My Primary Passion.)
"Uncertainty is the foundation of inquiry and research." (page 59)
One of my strongest beliefs is that my students are in a classroom that not only appreciates wonder, but that the students in my classroom are surrounded by language and structures that nudge them to act on their wonder in the form of curiosity through conversations, questions, and facts. Peter Johnston emphasizes the point that it is this uncertainty that promotes dialogue among the students and creates a structure that is an avenue to learning and inspiring new questions. As I begin to create my "skeleton" of a schedule for the upcoming year, it reminds me how important an inquiry workshop can be to support dialogue, wonder, informational text, vocabulary, and purposes for learning in the classroom.
My vision for my inquiry workshop this fall still takes place in a consecutive three-day format. (With this being said, this is not the only opportunity that the students have for the inquiry process or dialogue from uncertainty.) The inquiry workshop format I use is to ensure that I have a structure in place that is predictable for the students and fosters each student's curiosity within our curriculum and our world. Here is the structure I am envisioning for our inquiry workshop during the first quarter of the school year. The structure of the workshop changes as we go through the year, but starts off predictable and guided. On Day One...I use Wonderopolis.org as a mentor text for modeling strategies and concepts that involve informational text. The Wonder of the Week that I pick integrates back to the curriculum that we are studying in any content area. This is when we "quick write" about the wonder to build writing stamina and appreciate known knowledge, watch a less than five minute clip to stimulate background knowledge or wonder beyond the known information, annotate on the text, and formulate new wonderings through dialogue to celebrate the information called "I did not know that YET, but now I know so what am I thinking NEXT?" On Day Two...I provide a variety of picture books or informational text on the topics that were developed through their new wonderings/conversations on Day One. Students use the text to have dialogue about what was uncertain and share the new information they have found. Mini-lessons include how to use text features to find a topic in an informational text, how to draw conclusions from text features, how to draw conclusions if your answer was not found explicitly, etc... During first quarter, I gather the books for the students so we can focus on text patience (they are use to finding the answer right away with the Internet), manipulating an informational text for a specific purpose, sharing new information, and steering away from formal research. We then add additional wonders based on Day Two's "known" information. On Day Three, we use the laptops to inspire dialogue and media reading. Same process as Day Two but with a technology focus. Many times our research goes back to Wonderopolis.org.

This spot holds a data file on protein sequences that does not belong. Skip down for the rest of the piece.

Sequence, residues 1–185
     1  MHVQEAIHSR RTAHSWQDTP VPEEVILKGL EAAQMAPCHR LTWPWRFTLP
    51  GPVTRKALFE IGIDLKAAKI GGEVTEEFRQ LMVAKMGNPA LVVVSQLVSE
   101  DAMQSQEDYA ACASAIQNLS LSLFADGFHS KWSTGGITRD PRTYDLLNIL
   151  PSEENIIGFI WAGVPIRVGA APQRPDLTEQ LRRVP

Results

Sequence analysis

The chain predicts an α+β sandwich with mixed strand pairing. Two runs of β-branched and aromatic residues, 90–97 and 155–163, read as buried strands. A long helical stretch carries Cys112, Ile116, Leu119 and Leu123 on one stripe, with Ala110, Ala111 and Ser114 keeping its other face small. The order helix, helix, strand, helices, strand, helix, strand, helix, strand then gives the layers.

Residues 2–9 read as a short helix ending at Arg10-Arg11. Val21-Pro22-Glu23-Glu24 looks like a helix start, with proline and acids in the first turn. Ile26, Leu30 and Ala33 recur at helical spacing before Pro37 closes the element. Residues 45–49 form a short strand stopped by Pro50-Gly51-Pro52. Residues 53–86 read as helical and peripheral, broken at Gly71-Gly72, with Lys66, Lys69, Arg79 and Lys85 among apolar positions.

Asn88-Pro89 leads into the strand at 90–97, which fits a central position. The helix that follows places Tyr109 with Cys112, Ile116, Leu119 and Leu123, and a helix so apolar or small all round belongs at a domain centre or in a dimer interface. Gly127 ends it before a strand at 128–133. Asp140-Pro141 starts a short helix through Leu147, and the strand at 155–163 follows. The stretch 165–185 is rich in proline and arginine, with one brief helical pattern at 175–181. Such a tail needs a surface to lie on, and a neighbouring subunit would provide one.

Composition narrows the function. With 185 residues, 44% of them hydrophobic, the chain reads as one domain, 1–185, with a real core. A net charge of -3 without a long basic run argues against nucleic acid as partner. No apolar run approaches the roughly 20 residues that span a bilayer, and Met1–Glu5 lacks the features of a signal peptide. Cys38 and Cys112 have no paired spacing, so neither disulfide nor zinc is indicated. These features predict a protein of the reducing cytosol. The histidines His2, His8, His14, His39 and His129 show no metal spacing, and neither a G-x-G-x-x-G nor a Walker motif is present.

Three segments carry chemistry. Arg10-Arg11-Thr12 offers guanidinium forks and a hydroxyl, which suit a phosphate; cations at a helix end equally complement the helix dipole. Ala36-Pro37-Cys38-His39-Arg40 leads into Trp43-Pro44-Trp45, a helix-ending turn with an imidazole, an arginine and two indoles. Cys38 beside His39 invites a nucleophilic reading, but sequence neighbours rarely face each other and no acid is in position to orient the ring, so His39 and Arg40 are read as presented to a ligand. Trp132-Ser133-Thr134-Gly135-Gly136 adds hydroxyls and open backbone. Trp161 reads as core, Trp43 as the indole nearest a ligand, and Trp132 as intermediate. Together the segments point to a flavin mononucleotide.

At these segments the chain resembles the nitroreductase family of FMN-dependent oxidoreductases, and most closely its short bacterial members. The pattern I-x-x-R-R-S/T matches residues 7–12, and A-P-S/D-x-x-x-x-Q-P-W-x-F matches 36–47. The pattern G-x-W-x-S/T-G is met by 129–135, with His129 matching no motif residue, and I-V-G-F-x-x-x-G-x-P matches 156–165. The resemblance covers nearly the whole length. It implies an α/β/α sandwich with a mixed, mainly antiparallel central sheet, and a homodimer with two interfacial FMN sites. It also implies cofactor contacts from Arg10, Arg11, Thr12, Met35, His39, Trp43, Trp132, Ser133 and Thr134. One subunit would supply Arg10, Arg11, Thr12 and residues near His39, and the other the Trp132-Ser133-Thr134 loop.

Here is an example of what occurred last year for one student:
Day One: I modeled a strategy with Wonder 236 How Long is the Longest Bridge?
Day Two: The student researched the Golden Gate Bridge in San Francisco.
Day Three: The same student used Wonder 329 to answer their questions about fog.
See the connection? Bridge...Golden Gate/San Francisco...Fog
My second thought...Last week I mentioned that I thought "next" should be added to the list of single words that change everything. Here are some quotes I read this week that build upon that thought...
"Adding "Could you think of other ways that would also work?" is even better because it invites children to imagine alternative strategies..." (page 40)
"This has two advantages. First, it takes what the child has already done and turns it into a successful agentive experience. Second, rather than starting from scratch, it starts instruction with something the child already knows." (page 47)
"After responding to a piece of writing, showing that you are taking the writing and the writer seriously, you might offer a potential causal process." (page 46)